Rotator Lightning protection

The commercial path

Commercial rotor control protection systems must use un-obtainium in their construction or are priced at what the market will bear.

I tend think the latter after asking a few hams who went the commercial route to take a look inside at the components used. Nothing wrong with buying commercial, but a $170 protector for a $390 rotor system does not make sense. So I went about gathering up the parts to make my own.

Parts needed

While the Yaesu G-800SA calls for a 6 wire control cable only 4 wires are actually used, so I selected an appropriate terminal strip and ordered a dozen or so Littlefuse brand MOV’s from Arrow Electronics.

Researching the normal operating potentials I selected a part rated at 25VAC/31VDC and using ring terminals and heat shrink tubing I assembled a suppressor for use at the tower base. The terminal is the highest single point item and I picked this up in the electrical dept of a local big box home improvement store. The MOV’s are 25c each and the tubing and connectors perhaps another buck. All in minus my time less than $5 total investment.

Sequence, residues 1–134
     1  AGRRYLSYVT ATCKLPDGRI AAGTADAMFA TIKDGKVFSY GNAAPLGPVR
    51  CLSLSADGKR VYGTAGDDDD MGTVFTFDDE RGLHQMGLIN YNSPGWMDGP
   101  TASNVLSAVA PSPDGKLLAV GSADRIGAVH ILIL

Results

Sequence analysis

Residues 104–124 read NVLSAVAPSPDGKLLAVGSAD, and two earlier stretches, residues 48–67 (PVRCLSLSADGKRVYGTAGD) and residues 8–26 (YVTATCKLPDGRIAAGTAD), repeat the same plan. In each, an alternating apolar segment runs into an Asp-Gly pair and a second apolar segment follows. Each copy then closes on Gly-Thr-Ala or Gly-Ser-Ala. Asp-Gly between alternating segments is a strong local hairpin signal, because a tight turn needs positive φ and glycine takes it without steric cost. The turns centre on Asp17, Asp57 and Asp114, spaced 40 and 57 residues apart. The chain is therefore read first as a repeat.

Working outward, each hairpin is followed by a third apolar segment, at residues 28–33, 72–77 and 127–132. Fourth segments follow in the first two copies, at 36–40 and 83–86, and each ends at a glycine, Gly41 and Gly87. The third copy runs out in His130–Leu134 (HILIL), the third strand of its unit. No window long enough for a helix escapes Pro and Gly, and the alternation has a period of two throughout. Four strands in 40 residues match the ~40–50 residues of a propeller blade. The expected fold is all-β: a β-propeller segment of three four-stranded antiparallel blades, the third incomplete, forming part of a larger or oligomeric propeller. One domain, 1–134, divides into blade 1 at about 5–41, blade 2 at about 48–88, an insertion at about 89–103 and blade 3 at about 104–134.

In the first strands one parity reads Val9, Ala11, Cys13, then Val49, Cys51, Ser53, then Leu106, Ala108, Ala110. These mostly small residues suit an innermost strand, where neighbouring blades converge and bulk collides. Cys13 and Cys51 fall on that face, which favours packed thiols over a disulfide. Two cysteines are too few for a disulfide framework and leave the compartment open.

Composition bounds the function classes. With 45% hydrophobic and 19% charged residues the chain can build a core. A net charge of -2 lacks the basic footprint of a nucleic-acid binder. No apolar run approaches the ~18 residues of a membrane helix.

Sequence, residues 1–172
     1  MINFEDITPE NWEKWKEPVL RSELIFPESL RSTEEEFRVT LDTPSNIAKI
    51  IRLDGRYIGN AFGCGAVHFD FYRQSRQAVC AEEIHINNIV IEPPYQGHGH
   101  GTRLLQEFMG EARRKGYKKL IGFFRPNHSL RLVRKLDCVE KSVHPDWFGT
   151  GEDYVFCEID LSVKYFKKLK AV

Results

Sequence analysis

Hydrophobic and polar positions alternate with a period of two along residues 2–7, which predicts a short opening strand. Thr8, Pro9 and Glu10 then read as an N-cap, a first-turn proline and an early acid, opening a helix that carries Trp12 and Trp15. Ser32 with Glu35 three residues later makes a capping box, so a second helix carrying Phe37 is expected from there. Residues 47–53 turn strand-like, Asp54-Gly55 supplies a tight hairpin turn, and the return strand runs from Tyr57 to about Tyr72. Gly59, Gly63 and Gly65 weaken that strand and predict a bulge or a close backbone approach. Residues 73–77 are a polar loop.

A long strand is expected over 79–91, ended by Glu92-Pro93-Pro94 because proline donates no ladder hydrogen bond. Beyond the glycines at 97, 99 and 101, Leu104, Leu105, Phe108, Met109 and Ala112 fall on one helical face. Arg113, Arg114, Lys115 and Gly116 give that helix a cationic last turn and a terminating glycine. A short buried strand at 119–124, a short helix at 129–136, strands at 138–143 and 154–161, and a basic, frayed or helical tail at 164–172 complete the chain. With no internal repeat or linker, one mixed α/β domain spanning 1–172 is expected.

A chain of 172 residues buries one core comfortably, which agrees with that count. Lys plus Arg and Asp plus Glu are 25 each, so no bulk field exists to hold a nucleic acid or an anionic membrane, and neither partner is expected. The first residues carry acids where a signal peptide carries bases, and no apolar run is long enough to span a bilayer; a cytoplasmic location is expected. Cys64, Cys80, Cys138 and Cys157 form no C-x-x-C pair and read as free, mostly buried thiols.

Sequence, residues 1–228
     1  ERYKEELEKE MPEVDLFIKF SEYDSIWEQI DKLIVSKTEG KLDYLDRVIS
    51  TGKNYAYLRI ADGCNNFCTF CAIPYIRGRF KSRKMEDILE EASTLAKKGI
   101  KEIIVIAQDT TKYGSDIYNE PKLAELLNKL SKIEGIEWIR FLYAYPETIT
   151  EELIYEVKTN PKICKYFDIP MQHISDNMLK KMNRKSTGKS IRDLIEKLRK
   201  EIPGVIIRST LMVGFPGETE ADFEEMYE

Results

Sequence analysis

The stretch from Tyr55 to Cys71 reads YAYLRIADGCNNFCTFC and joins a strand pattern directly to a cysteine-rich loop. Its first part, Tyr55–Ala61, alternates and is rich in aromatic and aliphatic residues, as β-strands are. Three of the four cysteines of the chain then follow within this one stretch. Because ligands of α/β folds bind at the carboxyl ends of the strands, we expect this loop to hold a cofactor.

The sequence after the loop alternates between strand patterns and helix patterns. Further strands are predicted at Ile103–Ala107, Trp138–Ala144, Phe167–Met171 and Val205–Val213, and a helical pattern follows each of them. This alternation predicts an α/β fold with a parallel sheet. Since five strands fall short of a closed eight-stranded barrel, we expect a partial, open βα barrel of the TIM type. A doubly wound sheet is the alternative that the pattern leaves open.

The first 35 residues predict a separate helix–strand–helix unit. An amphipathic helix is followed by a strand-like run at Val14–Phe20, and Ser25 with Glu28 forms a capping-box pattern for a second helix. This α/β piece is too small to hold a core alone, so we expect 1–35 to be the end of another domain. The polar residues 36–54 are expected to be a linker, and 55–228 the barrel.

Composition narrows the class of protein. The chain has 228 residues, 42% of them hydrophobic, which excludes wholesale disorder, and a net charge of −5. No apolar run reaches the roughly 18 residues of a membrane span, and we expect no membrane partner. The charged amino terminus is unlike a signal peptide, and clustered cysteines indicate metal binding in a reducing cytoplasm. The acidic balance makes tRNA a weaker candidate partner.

An MOV based lightning protector

An MOV based lightning protector

Installation

A simple matter then to fasten and ground the terminal strip in the suppression cabinet. Followed by striping and connectorizing the rotor cable and connecting it to the suppressor.

As MOV failure mode is very visual, they tend to explode when hit really hard, these are rated for 1000A. I should not have any difficulty determining when an event has occurred.

Protector mounted at the tower base.

Protector mounted at the tower base.

Until next time 73’s, Jay

 

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2 Responses

  1. THOMAS HORNE says:

    Would there be any value to add gas tube protection in parallel with the MOV’s ? Is there any inherent incompatibility between the two technologies?

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